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arrogance:​the behaviour of a person when they feel that they are more important than other people, so that they are rude to them or do not consider them

Oxford learner's dictionary

I think the meaning of the explanation is clear, but I don't understand the grammatical function of "so that.....them". Is it within when-clause?

  • It sounds like you are asking the meaning of the "so that ... them" expression, which is not directly related to the definition of "arrogance" or any other word. – Andrew Nov 15 '19 at 6:05
  • So you are saying the definition is not so perfectly constructed, doesn't stand congruity? – Robby zhu Nov 15 '19 at 6:33
  • No @Robbyzhu, Andrew has summarised your question, but he has not offered any response to it. – JavaLatte Nov 16 '19 at 2:03
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so that introduces a clause that is a direct consequence of the preceding clause. here is the same concept described in a different sentence structure.

Person X feels that they are more important than other people. Because they think that they are more important than other people, they think that it is OK to be rude to them or not consider them. The behaviour of person X is arrogance.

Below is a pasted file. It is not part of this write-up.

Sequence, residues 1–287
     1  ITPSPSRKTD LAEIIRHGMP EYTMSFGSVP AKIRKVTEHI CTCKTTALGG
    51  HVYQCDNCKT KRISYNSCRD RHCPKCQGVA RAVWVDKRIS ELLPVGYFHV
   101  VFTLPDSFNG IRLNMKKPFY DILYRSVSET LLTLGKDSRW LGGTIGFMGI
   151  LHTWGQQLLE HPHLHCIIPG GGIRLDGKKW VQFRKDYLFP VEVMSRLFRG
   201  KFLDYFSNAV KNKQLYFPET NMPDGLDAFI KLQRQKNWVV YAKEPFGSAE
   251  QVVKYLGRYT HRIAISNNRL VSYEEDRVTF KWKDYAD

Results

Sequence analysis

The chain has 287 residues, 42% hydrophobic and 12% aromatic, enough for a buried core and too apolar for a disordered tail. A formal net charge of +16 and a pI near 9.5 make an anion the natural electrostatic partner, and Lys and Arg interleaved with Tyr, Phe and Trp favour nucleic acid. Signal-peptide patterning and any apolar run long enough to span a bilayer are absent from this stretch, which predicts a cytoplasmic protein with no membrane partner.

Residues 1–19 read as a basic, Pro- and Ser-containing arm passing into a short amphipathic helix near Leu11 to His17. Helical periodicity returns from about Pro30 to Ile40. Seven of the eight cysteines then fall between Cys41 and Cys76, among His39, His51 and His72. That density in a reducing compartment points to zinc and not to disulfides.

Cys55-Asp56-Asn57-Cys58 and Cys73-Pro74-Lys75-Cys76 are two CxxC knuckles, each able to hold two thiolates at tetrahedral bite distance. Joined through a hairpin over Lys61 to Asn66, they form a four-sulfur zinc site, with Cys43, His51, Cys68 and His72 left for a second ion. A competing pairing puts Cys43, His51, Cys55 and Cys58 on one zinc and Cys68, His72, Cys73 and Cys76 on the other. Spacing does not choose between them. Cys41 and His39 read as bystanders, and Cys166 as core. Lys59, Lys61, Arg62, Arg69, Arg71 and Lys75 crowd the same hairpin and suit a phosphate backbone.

• So "so that...." Is an adverbial clause of result. I feel it a little awkward that an Adverbial clause inside a when-clause. It is not clear the writer wants to describe a behavior when someone feel sth or a behaviour when being rude – Robby zhu Nov 16 '19 at 2:44
  • Maybe this way is better: Arrogance is: rudeness or inconsiderateness displayed by people who believe they are more important than other people. – Robby zhu Nov 16 '19 at 2:46
  • @Robbyzhu The original version indicates causality (the "of result" part of "adverbial clause of result"), but yours does not. Try this: "Arrogance is rudeness or lack of consideration displayed by people because they believe they are more important than other people. Anyway, I don't see anything wrong with nesting a so that clause inside a when clause. This nesting happens often. – JavaLatte Nov 16 '19 at 12:40

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